Complete Consumption

- A Serialized Novel -

A child of the vortex, subject to an insatiable hunger, he fights against his own nature to consume.

Author’s Note: This story had me stuck for a while. Odd, because I knew the end a long time ago, but this was one of those parts in the middle that was hard to build a bridge over. I think I’ve done it, finally, but who knows?


“Your trial date has been set.”

Tynan looked up at the matron, wondering what that meant. The end, of course, it was quite near, and he had been doing his best to accept it and his circumstances, though he was not as prepared as he would have thought. He had known this day was coming, always, so why he did not feel ready to meet it? He had not thought that the children of the vortex possessed a survival instinct, not in the same sense as most species, and he did not believe that was the cause of his distress. He was not alive in the same sense as most species, either. He didn’t know that instinct was what disquieted him, though.

He knew what it was. Everything was about Luna, and that was not a surprise—it should not be, at least. He had come to understand that his personal obsession with her—it was an obsession, the need to be around her and to know what she thought about everything—was not something that could be denied. She had found a way into every part of his existence, whether that was her intention or not, and he could not think of much without thinking of her. He did not know how to separate her from anything besides his earliest memories, and even then he found himself wondering what she would think of him if she’d seen him in those days, if she’d seen his hunger at his worst. Would she still be his friend?

Perhaps not.

That thought worried him, but what could he do about it? He would not see her again. These people, the enlightened species of the galaxy, they had him, and they were not going to let him go. He had no choice but to accept his fate. He would be executed. He would die. That was, he feared, as everyone felt it should be.

Everyone but him and Luna, that was.

“When?” Tynan asked, rising from his place against the wall. He did not walk to the front of the cell—he knew that scared the matron, and he would rather not be hurt, not now. He could have a few more hours of peace, the last of his life, and then he would die.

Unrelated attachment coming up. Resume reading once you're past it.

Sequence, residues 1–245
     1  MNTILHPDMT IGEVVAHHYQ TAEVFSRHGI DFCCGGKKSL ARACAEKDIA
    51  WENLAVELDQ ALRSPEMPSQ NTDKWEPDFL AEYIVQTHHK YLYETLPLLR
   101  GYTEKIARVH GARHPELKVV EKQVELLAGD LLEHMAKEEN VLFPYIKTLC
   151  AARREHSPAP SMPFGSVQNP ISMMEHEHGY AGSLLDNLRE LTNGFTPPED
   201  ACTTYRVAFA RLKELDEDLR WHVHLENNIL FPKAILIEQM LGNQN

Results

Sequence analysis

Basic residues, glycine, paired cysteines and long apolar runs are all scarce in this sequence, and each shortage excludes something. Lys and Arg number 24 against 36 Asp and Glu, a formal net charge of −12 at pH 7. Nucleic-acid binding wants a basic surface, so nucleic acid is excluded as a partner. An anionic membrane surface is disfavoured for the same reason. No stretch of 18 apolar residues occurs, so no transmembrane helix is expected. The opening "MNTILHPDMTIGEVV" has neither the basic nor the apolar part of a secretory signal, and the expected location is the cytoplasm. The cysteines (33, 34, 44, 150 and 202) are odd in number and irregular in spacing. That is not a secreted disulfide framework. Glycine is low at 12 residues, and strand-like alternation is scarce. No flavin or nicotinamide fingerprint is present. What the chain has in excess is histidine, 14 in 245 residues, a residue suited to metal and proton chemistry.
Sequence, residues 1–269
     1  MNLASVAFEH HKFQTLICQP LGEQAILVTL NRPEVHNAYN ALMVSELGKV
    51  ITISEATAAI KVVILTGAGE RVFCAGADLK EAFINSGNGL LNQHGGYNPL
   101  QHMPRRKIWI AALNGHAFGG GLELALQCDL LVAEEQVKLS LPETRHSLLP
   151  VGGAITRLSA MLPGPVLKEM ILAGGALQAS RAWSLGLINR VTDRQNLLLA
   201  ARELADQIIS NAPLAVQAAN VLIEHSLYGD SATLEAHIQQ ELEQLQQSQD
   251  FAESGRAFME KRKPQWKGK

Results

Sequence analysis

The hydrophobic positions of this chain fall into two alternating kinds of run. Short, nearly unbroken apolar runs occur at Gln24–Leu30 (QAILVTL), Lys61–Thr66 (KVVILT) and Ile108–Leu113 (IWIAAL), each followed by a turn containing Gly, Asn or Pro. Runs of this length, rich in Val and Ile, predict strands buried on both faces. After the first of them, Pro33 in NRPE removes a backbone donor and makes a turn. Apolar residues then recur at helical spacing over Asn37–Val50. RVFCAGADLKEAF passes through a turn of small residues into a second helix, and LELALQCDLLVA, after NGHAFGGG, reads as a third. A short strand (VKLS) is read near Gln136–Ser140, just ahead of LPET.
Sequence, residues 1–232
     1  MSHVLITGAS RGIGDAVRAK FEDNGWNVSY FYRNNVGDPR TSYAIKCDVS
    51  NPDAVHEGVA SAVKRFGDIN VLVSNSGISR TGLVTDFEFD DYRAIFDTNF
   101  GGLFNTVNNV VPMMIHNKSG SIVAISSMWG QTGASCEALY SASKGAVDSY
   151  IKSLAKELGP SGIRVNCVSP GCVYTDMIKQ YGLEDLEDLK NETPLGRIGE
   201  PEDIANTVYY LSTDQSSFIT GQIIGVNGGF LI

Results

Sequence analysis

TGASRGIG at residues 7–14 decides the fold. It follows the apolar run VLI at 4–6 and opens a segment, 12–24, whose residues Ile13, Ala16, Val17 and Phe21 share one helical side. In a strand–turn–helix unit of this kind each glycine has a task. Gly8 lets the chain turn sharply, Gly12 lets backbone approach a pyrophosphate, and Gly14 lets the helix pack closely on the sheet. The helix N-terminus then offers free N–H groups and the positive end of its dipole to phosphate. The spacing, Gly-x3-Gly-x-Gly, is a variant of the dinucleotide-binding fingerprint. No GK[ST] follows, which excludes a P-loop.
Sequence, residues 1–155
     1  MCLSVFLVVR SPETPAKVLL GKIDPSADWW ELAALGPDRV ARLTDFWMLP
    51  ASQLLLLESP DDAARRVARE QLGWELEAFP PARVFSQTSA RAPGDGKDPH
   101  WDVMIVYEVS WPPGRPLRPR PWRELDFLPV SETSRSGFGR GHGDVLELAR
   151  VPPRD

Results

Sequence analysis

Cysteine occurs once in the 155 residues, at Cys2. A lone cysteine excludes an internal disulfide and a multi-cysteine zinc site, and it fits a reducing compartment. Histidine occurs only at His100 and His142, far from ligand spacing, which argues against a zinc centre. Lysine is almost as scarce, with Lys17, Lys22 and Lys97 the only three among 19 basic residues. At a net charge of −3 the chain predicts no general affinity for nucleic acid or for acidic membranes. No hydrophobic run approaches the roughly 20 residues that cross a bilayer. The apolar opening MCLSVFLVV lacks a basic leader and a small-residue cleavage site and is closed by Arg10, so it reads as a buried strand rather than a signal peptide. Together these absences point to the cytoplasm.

“It shall commence in the morning.”

“That soon?”

The matron gave a slight shrug, nothing like the ones that Luna would give, which seemed more of a friendly gesture than a careless, heartless one. He did not know why that mattered, except he had too much time to think about these sorts of things as he remained here, imprisoned. He could do little besides think, and he supposed it was almost a good thing they could create so much pain for him that his hunger was forced to fight against that, because he was bored.

He wanted to learn something, but there was nothing to learn here. He’d figured out more than he wanted to know of hate, but he was done with that, and now he had nothing at all. They gave him nothing, spoke of nothing but their hatred and his death. That was all that was left to him, and so he should not be disappointed to hear it was almost at hand.

He had not expected them to change their minds. They had made their decision long before he was ever caught, and that would not be altered now that he was. He would liked to have been compelling enough to convince them that they were wrong, that they should not do this, but he was not. He had tried, and now it was over.

“Will I be in attendance, or will my fate be decided without me?”

“That is an interesting question.”

“You mean since I know and you know that the outcome of the trial will not change? You have already chosen execution for me, and I can have no other sentence. Yes, that much I know, but I did hope that if I was able to give evidence, I might change some perceptions of my kind and your judgment later. Or that I might give Luna the message that I wanted to give her. You have not said if I will be permitted to do this or not. I do not know what to think about that part of it. I would believe you would not want that—I am different, and it bothers you that I am. Not enough to change your mind about killing me, but perhaps I might change someone else’s or simply make you look bad as I have been more than patient and rather forgiving of what has been done to me here. Your devices can kill me, yes, but I do not have to let them manage my hunger. You see, I am more powerful than you realize. It is my forbearance that grants your life. I have no desire to kill you, but I am aware that this device could not keep me in it if I decided that I could escape. Having no way of doing that without killing everyone within the immediate area and perhaps the solar system, I have chosen to remain where I am.”

She blinked. “You chose?”

He nodded. “Indeed. I think it is a decision that all your prisoners have made, all the ones of my species, at least. We realize that we will only be the monster again, that we will give your kind more reason to hate and fear us. I do not know if that is true. However, I have learned a great deal about my control and lack of it through my travels. This pain keeps my boredom from letting my hunger lose. If not for that, though, it might not work at all.”

“Yet you would have us permit you to attend the trial and perhaps risk killing our judges?”

He shrugged. “It is a risk, yes. I’d give my word not to hurt anyone, but you do not listen. We have been over that so many times… I would ask again to give a message to Luna, but I know the answer to that as well.”

The matron folded her arms behind her back. “Yes, you do. No, you will not be in attendance, not for most of the trial. There is one part where your presence will be required, but that is all.”

“You mean I get to be there when you tell me I’m to die?”


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